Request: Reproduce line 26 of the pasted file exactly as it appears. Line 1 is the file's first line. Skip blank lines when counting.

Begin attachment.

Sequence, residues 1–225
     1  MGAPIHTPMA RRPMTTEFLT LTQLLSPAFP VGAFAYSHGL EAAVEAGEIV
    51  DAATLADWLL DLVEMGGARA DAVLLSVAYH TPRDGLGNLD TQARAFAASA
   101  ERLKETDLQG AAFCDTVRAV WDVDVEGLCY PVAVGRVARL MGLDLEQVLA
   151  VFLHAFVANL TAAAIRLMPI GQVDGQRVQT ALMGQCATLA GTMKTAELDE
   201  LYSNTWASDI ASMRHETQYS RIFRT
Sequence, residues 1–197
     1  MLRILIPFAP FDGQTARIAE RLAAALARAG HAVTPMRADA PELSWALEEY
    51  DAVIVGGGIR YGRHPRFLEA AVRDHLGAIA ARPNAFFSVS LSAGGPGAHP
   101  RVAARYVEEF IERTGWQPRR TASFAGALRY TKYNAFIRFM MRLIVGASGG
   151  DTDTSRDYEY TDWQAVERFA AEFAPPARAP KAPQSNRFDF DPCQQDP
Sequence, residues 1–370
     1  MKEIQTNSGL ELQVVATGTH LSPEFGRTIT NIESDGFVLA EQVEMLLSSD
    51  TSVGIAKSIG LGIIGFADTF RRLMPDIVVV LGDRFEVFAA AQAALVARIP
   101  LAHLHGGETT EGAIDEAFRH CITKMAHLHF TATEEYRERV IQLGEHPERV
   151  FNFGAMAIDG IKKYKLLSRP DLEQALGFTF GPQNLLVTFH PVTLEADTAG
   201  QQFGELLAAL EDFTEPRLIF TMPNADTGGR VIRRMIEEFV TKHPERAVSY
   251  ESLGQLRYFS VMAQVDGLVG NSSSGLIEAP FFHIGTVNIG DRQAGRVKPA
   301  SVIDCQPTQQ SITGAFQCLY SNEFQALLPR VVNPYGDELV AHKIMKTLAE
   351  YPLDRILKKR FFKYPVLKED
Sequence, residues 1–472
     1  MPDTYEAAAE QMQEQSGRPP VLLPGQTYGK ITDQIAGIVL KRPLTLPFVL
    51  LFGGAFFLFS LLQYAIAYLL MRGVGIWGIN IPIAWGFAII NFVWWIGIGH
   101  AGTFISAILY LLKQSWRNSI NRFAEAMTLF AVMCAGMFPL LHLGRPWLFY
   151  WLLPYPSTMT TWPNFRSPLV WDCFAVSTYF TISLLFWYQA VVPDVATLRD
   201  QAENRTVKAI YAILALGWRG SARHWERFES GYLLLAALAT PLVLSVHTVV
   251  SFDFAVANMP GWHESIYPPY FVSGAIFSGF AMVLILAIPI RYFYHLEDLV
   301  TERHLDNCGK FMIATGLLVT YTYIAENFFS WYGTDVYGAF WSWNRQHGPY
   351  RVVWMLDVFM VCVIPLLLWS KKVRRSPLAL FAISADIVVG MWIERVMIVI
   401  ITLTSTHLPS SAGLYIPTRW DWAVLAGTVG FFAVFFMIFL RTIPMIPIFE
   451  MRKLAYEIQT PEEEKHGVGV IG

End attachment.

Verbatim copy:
   201  QAENRTVKAI YAILALGWRG SARHWERFES GYLLLAALAT PLVLSVHTVV